We’re in this together. <<< The thing that’s said which is supposed to make us feel more connected but in truth, shows how very alone we are.<<< Maybe we should say, “We’re blah blah in blah blah blah this blah blah together blah blah.”
The days melt together. Ah, the days are also alone, together.
The last load of laundry I did had no actual pants in it. Just sayin’. Sweats, t-shirts, and jams, as far as the eye could see.
My home office is a piece of furniture called a “secretary” though I don’t know why. I went on Google to find out. Did you know there’s something called secretarial English?
What is secretarial English?
Someone who works in an office, writing letters, making telephone calls and arranging meetings for a person or for an organization.
That sounds like a secretary – you know – the person. I don’t know where the “English” comes in but whatever floats their boat.
But I s’pose it could translate to this desk, where I’m writing. It looks like a bookcase until you pull out this shelf thingy. There’s nothing inside except what I put in there, which right now is my laptop, pens, coffee (blessed coffee!) and sundry other items.
Side note: I used to have an antique secretary that had drawers and slots and things for mail and such. Now that was a secretary. This? Just a small desktop, really. But I digress.
I certainly don’t want to complain about working from home because we are being asked to do something so simple for the good of others – and ourselves. It’s not like we have to hide in an attic without making any noise for two years. And I mean, c’mon, look at my surroundings, with beautiful angels, plants, books and cats and right next to a window. Seriously!
For my Work From Home (WFH) it is expected that I will act “as if” I am at work, which means being in front of the computer for 8 hours a day, except for breaks and lunch. And I’m incredibly thankful that I AM able to work instead of being laid off or terminated. To be honest, I feel a fierce loyalty to my company because of it. And I mean that sincerely. I’m soooooooooooooooooooooooooooooooooo thankful!
I will say, however, that being alone all the time is getting to me. Not the aloneness itself so much as the forced aloneness. Are you feeling that, too? Even most introverts usually connect with actual folks here and there throughout their day.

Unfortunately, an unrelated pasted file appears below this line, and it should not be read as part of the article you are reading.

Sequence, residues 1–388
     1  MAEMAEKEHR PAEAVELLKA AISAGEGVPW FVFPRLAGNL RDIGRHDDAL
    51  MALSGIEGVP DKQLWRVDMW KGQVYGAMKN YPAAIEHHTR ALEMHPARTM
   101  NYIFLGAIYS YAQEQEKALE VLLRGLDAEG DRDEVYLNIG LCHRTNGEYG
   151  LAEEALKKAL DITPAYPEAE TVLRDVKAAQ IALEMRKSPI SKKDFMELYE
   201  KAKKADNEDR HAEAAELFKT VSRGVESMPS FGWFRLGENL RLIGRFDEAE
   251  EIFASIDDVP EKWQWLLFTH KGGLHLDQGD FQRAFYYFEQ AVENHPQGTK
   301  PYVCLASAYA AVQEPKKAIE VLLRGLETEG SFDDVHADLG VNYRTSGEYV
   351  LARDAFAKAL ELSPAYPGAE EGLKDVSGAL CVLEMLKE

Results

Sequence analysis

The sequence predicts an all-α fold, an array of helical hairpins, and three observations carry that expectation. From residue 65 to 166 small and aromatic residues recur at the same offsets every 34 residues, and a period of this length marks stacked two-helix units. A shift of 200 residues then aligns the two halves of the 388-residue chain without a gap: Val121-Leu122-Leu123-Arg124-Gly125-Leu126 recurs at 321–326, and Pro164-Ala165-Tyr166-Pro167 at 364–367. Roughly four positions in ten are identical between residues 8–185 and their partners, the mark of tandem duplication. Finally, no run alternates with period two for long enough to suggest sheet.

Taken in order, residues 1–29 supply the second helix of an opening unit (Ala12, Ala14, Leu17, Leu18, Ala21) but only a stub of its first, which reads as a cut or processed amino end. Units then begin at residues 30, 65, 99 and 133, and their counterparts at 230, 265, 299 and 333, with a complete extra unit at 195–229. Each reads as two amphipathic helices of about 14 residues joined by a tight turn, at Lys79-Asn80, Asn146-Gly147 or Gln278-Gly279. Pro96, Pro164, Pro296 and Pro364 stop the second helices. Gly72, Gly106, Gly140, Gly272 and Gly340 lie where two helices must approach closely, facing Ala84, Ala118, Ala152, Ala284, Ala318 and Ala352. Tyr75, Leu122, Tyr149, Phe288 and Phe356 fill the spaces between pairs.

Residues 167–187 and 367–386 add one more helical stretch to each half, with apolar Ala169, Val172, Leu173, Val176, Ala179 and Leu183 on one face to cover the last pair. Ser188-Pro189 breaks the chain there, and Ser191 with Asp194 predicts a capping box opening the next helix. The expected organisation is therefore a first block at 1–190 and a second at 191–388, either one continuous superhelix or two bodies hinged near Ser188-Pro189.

It’s kind of depressing whether you struggle with depression or not. I happen to, along with anxiety, and the two make a potent cocktail when you’re being held up at home because of a pandemic.
And I guess that’s where I really wanted to go with this post. In the age of a pandemic, what can we do to help ourselves? Well, I can think of a few things…
- Even if you have to sit at your desk for 8 hours like me — get up! I have been woefully remiss at doing this, to my detriment. Or, I should say, my butt’s detriment because it honestly feels like I’m getting bedsores. Not to put too fine (or graphic) a point on it. Even just standing up at your desk is a good idea… and I need to remember this while I’m IN the actual office, as well! Also, stretching is good. My neck and shoulders definitely appreciate it!
- Turn off the news 24/7. My husband has it on as a backdrop and he can handle it, as a reporter who needs to keep on top of things, he’d best be able to! But nobody says that *** I *** must listen. Oh, it’s a distant droning voice coming from downstairs but I don’t pay attention. I can’t anyway since I’m working and must concentrate on what I’m doing… but you know what I mean.
- Set your phone out of sight and sound – when you can. For me, I’ve learned something vitally important since I started this job because cell phones are a no-no at our desks. Some dipwad took a photo of confidential info and ruined it for everyone – isn’t that always the way? One bad apple and all that. But guess what I found out? I LOVE not having to worry about it! At least not during working hours. 🙂
- Drink plenty of water. This is my mantra … that I don’t follow … yes, even after my Year of Water. Ugh. But you know – and I know – it’s true.
- Use your Employee Assistance Program (EAP) if you have one for mental health and self-care. I’m lucky, my company has one with an online component and updates it daily with things like quick meditations.
- Combat loneliness with lots of phone calls, emails, letters and cards (gasp!) and visits to social media that don’t try your patience or interrupt your self-care. You know what I mean, here. If you get angry reading… maybe don’t do that right now. Or, perhaps a culling out of your friends list? Just an idea.
Now, since I’m no expert, I defer to those who are… and with that in mind, share these additional articles for you. You’re welcome!
All of these ideas are wonderful, of course! But there have been days I thought… yep, I could sink into a mighty depression right now. On those days particularly, I need to ramp up my self-care. For me that means, baths, tea, cats, books… and a good night’s sleep.
Well, I think I’ve rambled on quite enough for today. It’s lunchtime and I’m finishing up this post right now after starting it last night. Between this and scheduling some of my other posts, I seem to have found a bit of rhythm and it’s giving me the breathing room I need. That’s a very good thing, doncha think?